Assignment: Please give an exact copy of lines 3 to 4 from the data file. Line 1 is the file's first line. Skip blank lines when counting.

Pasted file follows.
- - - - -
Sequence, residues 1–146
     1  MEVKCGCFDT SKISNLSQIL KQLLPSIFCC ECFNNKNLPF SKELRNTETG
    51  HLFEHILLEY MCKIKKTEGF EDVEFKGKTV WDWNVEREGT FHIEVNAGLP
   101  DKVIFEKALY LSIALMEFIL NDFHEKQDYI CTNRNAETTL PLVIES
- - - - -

    51  HLFEHILLEY MCKIKKTEGF EDVEFKGKTV WDWNVEREGT FHIEVNAGLP
   101  DKVIFEKALY LSIALMEFIL NDFHEKQDYI CTNRNAETTL PLVIES